Category Archives: Ambite

13-14 Agosto General Gal calls Ralph Bates a fascist and Ralph Bates calls General Gal a fool

August 13-14

Robert Merriman’s diary for August 13 and 14, 1937

Merriman is now fully ensconced in Brigade politics and he has a lot to tell his diary.  Apologies for the small font required to get all onto one printed page.   Merriman notes that Sidney Shostek is now in Ambite with the Brigade staff.  He says that he sent men two schools of what looks like “Rudeo and Enlace”.   Enlace is coordination and that would definitely require schooling.  Chris Brooks has suggested that the first word is actually “Radio” which would indeed need a school.

Three Officers

Unknown officer, Klaus Becker and George Aitken in the garden in Ambite Mill, probably July 25, 1937, ALBA Photos 177_175005, Tamiment Library, NYU

Merriman is left to pick up the pieces of the crushing of the British leadership.  Aitken and Cunningham were dismayed that their names were not mentioned at all in General Gal’s order brought back to Brigade by Copic.  Wally Tapsell would not speak to Merriman.  On searching Aitken’s room, four political orders (probably ignored or not acted on) were found.   Aitken was ordered to go take a walk in order to cool down.  Merriman was highly suspicious of George Wattis but uses him in this difficult situation to go talk to Aitken to settle things down.   Later Merriman tries to get Wattis promoted to Captain.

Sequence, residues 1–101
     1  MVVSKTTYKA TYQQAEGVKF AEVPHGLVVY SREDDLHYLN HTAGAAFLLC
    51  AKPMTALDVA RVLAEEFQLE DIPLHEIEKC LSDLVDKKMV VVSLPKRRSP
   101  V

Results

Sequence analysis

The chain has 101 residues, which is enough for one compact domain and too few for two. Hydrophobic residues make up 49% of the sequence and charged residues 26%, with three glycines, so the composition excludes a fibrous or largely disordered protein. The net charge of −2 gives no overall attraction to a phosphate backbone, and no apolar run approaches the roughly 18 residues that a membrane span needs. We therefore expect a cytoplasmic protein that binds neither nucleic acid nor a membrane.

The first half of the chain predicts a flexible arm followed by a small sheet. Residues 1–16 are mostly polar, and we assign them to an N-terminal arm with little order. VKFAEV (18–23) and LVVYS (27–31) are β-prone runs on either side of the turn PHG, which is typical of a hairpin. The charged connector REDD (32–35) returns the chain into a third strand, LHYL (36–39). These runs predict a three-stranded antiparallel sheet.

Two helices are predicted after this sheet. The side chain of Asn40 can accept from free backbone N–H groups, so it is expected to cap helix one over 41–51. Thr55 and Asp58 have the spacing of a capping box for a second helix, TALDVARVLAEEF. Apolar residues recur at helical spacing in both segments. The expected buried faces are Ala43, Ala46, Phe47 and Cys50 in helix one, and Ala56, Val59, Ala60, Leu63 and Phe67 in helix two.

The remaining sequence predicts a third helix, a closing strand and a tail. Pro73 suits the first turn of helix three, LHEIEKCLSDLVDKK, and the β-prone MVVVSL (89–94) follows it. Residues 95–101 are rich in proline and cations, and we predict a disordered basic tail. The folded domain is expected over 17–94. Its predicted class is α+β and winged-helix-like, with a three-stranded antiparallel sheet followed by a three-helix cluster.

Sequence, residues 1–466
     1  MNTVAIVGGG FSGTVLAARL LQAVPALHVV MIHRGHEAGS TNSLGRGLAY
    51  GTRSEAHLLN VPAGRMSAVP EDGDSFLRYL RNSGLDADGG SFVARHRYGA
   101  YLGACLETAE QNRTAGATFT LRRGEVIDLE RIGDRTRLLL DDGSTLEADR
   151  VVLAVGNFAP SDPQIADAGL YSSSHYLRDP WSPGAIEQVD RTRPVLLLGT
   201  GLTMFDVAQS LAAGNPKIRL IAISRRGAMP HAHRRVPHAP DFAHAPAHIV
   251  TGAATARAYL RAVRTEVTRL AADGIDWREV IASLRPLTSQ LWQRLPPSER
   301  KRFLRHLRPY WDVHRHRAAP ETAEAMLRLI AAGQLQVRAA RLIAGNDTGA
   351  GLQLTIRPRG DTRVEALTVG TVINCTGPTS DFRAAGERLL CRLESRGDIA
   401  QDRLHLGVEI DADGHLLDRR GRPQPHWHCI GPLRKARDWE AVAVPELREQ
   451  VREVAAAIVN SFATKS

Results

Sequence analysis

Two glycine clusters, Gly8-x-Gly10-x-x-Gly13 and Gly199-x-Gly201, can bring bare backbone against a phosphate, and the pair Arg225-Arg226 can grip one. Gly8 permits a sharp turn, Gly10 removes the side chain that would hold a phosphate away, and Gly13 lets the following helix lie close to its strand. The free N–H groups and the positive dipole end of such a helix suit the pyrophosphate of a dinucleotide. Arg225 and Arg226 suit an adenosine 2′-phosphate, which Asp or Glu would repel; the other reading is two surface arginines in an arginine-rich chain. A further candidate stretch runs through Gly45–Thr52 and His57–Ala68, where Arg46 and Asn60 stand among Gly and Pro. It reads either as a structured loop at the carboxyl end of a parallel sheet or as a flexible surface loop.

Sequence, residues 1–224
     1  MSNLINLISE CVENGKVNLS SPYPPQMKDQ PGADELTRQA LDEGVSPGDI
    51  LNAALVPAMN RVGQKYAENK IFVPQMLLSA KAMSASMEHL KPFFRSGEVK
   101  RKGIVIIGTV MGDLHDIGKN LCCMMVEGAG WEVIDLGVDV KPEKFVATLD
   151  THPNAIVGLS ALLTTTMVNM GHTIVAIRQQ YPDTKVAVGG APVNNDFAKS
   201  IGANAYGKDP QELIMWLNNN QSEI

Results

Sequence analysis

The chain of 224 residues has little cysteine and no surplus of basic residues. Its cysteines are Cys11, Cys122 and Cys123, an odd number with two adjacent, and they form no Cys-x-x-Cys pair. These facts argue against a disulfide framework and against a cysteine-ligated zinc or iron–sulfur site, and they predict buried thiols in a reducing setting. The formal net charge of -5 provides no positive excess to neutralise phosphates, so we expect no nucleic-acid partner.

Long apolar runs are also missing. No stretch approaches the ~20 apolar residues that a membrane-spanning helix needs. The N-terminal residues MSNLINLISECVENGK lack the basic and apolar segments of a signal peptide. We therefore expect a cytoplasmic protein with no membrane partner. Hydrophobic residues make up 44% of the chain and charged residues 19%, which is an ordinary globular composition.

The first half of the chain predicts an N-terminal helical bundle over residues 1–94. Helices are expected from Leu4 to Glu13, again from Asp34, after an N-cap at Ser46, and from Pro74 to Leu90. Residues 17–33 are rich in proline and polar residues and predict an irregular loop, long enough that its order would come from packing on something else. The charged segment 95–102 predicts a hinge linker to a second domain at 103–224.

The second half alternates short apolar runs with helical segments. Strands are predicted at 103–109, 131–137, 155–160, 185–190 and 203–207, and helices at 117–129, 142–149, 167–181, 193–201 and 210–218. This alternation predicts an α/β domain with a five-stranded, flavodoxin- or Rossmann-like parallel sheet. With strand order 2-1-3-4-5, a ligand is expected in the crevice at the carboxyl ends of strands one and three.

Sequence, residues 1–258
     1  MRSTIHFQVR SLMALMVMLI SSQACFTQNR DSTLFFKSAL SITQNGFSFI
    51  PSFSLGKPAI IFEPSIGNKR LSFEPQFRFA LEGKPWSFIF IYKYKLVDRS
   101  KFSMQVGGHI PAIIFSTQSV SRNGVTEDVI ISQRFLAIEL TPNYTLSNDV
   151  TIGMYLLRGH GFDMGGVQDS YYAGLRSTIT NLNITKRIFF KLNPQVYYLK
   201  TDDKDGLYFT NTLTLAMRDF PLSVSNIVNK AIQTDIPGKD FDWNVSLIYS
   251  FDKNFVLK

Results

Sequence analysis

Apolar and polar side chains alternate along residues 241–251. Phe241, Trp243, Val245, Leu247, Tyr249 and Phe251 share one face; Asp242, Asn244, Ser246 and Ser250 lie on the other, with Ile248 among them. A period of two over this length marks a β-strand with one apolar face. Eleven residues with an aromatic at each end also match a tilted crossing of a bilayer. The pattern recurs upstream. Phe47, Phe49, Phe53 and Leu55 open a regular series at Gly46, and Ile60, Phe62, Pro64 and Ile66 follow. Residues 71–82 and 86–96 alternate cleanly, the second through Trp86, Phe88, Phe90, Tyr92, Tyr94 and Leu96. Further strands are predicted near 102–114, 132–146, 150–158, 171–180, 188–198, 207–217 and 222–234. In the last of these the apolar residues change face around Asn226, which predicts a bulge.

The situation deteriorates with some significant accusations: Gal calling Bates a fascist and Bates calling Gal a fool and not really a Bolshevik.  Gal counters that he was trained by Stalin himself.  This probably indicates that Gal attended the Lenin School in Moscow where Stalin was indeed an instructor of sorts, giving lectures at the Lenin School to many including Copic, Haywood and Steve Nelson.